Martha Vertreace-Doody's Poetry
Afternoon tea with my husband, ages ago.
watching vultures glide
above New Salem
where they overwinter, circling the furrier's house, as they
taste the smell of flesh
scraped from rabbit, coonskin pelts.
Dark wings barely stir the updraft.
No bird is kinder to air.
What drives me past this point
of safety, the parlor where neighbors
leave calling cards in a silver tray scattering light on wallpaper?
When the moon traps
frost in the garden, dead stalks
crumble next to the bones of sparrows
the stray cat leaves to teach me
the fine art of raising young.
My newborn cringes in candlelight
as if she quit too soon the pool where she swam, mermaid,
Mary Louisa, born in 1832, the year
traders float stories on the Missouri
about York who travels with Lewis and Clark, friend to one;
slave to the other. When they set out. my husband
was a child, and I, my mother's dream.
Yet spirit sieves words
like sand across the prairie, like tears falling through sunlight.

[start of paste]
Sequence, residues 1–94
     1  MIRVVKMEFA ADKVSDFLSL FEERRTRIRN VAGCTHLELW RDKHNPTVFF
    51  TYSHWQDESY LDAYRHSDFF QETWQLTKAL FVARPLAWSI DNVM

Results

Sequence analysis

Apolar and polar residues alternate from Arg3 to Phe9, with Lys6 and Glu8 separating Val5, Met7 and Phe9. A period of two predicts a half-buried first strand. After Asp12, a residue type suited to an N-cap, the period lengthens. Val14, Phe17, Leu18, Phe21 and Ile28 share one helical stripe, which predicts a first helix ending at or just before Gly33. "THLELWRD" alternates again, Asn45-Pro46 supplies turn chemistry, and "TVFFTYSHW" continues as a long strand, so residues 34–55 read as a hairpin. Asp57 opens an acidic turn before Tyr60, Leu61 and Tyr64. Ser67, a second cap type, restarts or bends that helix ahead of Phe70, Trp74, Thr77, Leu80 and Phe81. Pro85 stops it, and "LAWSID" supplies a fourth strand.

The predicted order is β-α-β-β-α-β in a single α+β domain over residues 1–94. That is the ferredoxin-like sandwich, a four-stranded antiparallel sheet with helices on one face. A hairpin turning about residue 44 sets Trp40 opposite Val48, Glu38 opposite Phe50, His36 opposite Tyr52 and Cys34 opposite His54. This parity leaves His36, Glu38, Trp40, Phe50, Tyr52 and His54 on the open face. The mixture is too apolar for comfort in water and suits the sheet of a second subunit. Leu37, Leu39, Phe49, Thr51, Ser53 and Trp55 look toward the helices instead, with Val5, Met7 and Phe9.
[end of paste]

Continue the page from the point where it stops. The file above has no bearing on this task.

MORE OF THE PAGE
York shoots deer, buffalo, geese, elk,
ducks for the cook–fires he feeds
with wood he whipsaws; swims to a sandbar to harvest greens;
trades for provisions along the trail;
votes like the others to choose
a winter camp. Midwife to Sacajawea
in her confinement. he proves himself big beyond his birth,
as much a man as Clark
who says his slave died of cholera,
broken by freedom,
seeking to serve him again.
Trappers say the Crow gave York
a tipi, finding their words smooth
on his tongue. If the York River named him, as I've heard,
I should have named the child at my breast
Illinois, Mississippi, Sangamon
for rivers healing the prairie bet father served,
seeking to mend a house divided.